KENOSHA, Wis. – After more than a year, Kyle Rittenhouse, a teenager from Illinois who has been branded by some as a law enforcement and others a reckless shooter, will stand trial on charges of murder at the Wisconsin Courthouse on Monday.
In Kenoshi, a former factory town on the shores of Lake Michigan, the trial will take place in the district court, which was the scene of demonstrations that erupted in August 2020 after a white police officer shot Jacob Blake, a black resident, seven times. back during arrest. For days, protesters of police violence rallied thousands of Kenosh, and rioters set fire to buildings and looted businesses, flooding police and national guards.
The third night of protests became deadly when Mr Rittenhouse, then 17, came to Kenosha with a semi-automatic rifle in military style and joined a group of people who said they were there to help maintain order on the streets . Within hours, Mr. Rittenhouse had shot dead two men and wounded a third during the clash.
Mr Rittenhouse faces six criminal charges, including first-degree manslaughter, first-degree premeditated murder and attempted first-degree premeditated murder.
The case has also become another hotbed in the country’s political rift over protests and riots that have engulfed U.S. cities in recent years in response to police violence against blacks. To some people on the left, Mr Rittenhouse looks like a happy and dangerous intruder into a meaningful protest; on the right, some see him as a hero who intended to help protect lawless streets.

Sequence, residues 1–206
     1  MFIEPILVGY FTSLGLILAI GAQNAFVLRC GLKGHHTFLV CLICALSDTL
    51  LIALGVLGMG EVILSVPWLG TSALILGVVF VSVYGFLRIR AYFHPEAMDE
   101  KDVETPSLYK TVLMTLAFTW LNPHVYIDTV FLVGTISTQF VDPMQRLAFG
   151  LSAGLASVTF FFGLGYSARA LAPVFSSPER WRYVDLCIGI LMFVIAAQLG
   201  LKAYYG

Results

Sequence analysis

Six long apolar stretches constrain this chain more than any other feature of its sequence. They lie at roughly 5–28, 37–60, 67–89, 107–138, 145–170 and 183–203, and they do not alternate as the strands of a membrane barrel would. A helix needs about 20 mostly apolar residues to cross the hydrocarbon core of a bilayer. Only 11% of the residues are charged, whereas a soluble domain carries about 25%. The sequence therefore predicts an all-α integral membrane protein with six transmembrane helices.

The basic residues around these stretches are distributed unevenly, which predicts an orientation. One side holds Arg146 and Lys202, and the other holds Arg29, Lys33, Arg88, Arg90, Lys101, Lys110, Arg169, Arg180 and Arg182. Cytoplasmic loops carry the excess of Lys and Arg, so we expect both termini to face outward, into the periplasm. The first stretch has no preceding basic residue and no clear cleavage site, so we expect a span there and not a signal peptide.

“It’s a battle of narratives,” said Steven Wright, a law professor at the University of Wisconsin. “People will see this as a young man who ran into the state borders with a gun to make trouble, or people will come with the belief that he came here with a medical kit and tried to defend the law and defend the people.”
The proceedings will once again put Kenosha, a city of 100,000, in the spotlight. Since last year’s protests, many residents have demanded a broader account of race and police administration changes, including body cameras and bias training. District Attorney refused for a criminal complaint by Rusten Sheskey, a police officer who shot Mr Blake, a decision that sparked a wave of protests in January. Mr Blake, who was partially paralyzed in the shooting, moved away from Kenosh, determined never to return, his family said.
Mr Rittenhouse’s trial is set to last two to three weeks, and jury selection will begin on Monday.
Mr Rittenhouse’s lawyers will claim he acted in self-defense when he killed 36-year-old Joseph Rosenbaum, who the witness said reached for Mr Rittenhouse’s gun and was filmed in the video he was pursuing. As Mr Rittenhouse fled down the street, he shot two more men in pursuit, killing 26-year-old Anthony Huber, who was trying to hit Mr Rittenhouse with a skateboard, and wounding Gaige Grosskreutz, a doctor from West Allis, Wis.
Mr Rittenhouse said he was in Kenosha on the night of Aug. 25 to protect businesses from destruction during police protests. “It wasn’t him who shot the robbers,” Corey Chirafisi, Mr Rittenhouse’s lawyer, said at the trial. “Sir. Rosenbaum was chasing him. That’s where the whole thing began.”
Prosecutors allege Mr. Rittenhouse was disturbing from Antioch, Ill., About a 30-minute drive from Kenosh, who intended to violently end the protests.